Although in some ways it seems counterintuitive, weight lifting injuries, lower back pain, and even the inability to perform certain movements or sports related activities can be caused by limited flexibility of the hamstrings.

The hamstrings are comprised of three separate heads, the semitendinosus, semimembrinosus, and biceps femoris (long and short).  The function of the hamstring is to flex the knee, extend the hip, and even rotate the lower leg when the knee is bent.  The hamstring is the antagonist to the quadriceps and is even called upon for deceleration of knee extension during walking.

The reason tight or short hamstrings can cause pain or injury is related to the origin of the muscle.  Part of the biceps femoris and both semitendinosus and semimembrinosus originate at the pelvis.  Tightness can cause the pelvis to be pulled out of neutral alignment which in turn results in lower back pain, postural problems, or other back pain such as sacroiliac joint pain.

Limited flexibility can also cause improper muscle firing by the lifter or athlete.  For example, when performing a dead lift, an individual with tight hamstrings and/or glutes often has the tendency to initiate movement from the lumbar spine instead of the glutes and hamstrings.  Initiating the movement in the lumbar spine limits the amount of weight the lifter can handle and often leads to lower back injury.  A healthy, flexible hamstring allows maximum range of motion through the hip and knee and will allow the lifter or athlete to fire the muscles in the proper sequence.

Hamstring flexibility can be measured by testing your range of hip flexion.  To do this, lie down face up and, while keeping your leg straight, raise one leg off the floor as high as you can.  The ideal range is between 80-90 degrees.  This means the leg should be nearly perpendicular to the floor to be considered ‘flexible’.  Irrespective of the test result, a great regimen for keeping your hamstrings (and therefore your lower back) healthy is to try one or all of the following suggestions:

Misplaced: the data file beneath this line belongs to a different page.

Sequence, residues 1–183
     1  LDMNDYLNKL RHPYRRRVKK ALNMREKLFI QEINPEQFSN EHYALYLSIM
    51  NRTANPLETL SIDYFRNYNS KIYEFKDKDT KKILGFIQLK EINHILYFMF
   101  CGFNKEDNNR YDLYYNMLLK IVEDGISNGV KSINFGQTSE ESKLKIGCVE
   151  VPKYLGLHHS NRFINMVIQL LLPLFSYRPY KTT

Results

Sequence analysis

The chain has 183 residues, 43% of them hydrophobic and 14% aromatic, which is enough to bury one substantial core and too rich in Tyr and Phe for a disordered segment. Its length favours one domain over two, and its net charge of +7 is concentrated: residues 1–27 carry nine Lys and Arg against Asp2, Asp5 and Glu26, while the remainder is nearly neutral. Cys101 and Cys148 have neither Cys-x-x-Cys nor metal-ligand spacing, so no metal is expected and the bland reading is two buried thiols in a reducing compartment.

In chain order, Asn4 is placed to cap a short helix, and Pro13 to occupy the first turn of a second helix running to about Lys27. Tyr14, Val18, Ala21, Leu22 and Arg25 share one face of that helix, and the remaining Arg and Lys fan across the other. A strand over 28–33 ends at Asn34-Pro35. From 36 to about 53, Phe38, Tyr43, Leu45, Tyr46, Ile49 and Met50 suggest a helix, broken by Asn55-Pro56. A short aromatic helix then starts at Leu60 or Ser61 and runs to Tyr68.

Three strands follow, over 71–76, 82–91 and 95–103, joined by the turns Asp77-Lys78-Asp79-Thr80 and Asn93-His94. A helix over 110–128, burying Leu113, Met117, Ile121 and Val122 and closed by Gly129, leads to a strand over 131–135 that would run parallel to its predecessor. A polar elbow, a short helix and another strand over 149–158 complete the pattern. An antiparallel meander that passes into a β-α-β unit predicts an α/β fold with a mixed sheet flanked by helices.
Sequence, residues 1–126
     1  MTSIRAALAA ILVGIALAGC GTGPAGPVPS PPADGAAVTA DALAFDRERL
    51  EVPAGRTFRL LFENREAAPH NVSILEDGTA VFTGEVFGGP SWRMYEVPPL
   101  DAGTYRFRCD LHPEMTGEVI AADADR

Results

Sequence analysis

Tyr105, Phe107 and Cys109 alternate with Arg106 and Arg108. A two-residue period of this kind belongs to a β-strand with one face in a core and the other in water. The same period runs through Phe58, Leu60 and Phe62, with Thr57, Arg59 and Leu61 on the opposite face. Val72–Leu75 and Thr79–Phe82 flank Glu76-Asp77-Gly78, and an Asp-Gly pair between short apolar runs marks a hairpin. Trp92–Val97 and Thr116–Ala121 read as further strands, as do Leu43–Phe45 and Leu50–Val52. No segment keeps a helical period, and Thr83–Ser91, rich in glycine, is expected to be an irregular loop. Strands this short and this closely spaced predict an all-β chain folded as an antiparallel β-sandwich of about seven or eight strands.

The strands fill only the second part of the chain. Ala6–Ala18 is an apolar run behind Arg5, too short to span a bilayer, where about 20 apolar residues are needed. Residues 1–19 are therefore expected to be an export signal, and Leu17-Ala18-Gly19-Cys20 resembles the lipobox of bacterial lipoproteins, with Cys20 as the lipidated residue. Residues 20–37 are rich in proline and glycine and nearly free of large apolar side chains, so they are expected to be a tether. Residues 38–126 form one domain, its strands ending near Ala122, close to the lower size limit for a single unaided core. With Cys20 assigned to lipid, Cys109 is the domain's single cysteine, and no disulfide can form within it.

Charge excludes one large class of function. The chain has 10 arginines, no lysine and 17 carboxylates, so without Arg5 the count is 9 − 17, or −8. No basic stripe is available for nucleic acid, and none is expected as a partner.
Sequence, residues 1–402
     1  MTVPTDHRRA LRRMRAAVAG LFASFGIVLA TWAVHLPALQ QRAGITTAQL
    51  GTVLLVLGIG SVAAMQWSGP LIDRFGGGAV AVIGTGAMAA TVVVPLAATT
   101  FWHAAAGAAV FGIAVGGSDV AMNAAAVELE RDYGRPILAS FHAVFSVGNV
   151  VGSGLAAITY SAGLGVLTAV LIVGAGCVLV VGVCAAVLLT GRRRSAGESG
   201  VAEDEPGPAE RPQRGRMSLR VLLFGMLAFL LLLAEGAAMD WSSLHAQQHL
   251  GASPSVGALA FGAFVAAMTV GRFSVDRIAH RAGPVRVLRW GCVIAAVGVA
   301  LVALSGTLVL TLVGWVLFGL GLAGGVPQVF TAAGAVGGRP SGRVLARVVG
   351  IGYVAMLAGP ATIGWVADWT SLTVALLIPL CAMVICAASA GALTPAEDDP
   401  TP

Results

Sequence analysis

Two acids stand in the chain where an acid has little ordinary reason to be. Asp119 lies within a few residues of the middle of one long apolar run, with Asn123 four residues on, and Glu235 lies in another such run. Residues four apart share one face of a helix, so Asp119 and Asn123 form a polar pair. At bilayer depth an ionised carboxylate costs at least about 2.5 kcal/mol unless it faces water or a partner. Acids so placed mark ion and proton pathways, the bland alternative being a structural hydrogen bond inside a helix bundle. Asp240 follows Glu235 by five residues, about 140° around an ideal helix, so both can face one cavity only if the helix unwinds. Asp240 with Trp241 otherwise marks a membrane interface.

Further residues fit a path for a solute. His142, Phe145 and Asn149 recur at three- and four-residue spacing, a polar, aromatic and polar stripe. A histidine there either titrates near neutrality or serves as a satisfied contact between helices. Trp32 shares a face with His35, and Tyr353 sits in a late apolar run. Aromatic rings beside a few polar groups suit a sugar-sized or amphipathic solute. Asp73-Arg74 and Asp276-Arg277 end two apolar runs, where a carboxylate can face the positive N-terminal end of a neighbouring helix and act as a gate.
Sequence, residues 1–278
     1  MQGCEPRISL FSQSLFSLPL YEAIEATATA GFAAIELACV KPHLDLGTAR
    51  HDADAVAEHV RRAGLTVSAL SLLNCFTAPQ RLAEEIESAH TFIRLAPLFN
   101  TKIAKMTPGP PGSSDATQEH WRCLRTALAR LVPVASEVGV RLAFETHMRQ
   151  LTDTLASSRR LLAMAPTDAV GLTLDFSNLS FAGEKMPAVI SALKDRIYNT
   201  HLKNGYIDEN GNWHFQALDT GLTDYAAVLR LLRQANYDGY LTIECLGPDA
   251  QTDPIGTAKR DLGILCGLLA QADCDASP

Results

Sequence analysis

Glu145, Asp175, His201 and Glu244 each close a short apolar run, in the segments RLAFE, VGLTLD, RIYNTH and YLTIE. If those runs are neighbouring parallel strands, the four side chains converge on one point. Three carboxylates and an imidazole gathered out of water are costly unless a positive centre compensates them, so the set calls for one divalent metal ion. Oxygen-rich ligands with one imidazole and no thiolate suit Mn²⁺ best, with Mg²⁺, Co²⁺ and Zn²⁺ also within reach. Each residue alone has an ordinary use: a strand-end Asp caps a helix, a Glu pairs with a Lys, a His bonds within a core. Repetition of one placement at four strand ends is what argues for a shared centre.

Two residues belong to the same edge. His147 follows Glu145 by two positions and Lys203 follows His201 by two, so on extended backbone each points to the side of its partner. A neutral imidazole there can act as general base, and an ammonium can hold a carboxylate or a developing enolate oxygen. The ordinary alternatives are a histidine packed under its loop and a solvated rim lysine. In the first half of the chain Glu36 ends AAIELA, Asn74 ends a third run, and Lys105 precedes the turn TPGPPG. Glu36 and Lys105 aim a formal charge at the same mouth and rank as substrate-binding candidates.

1) Foam roller
The foam roller is used to release tension in myofascial tissues, often called myofascial release.  Place the roll on the floor and teach your client how to lay the legs on top of the roll, knees straight and then gently and slowly glide over the roll.

2) Static stretching
Use of equipment such as the MB Stretch bands will enable you to stretch your hamstrings more effectively and intensely than simply reaching over to touch your toes. The MB Stretchband is a simple tool designed by physiotherapists that assists people to use correct body positioning during stretching.

You may be surprised at the level of improvement you can achieve if you test your hamstring flexibility and utilize the stretching techniques I mentioned.  You could potentially notice improved running speed, increased strength during certain lifts, reduced back pain, and improved agility.  At the very least you will just be more comfortable during daily activities and you’ll experience a general improvement in mobility.  It may seem like a burden that offers limited return, but flexibility actually is worth the time and effort.


References:

1. http://www.sportsinjuryclinic.net/cybertherapist/back/hamstrings/tighthamstrings.htm

2. http://www.performbetter.com/catalog/matriarch/OnePiecePage.asp_Q_PageID_E_303_A_PageName_E_Tighthamstringscorrectiveex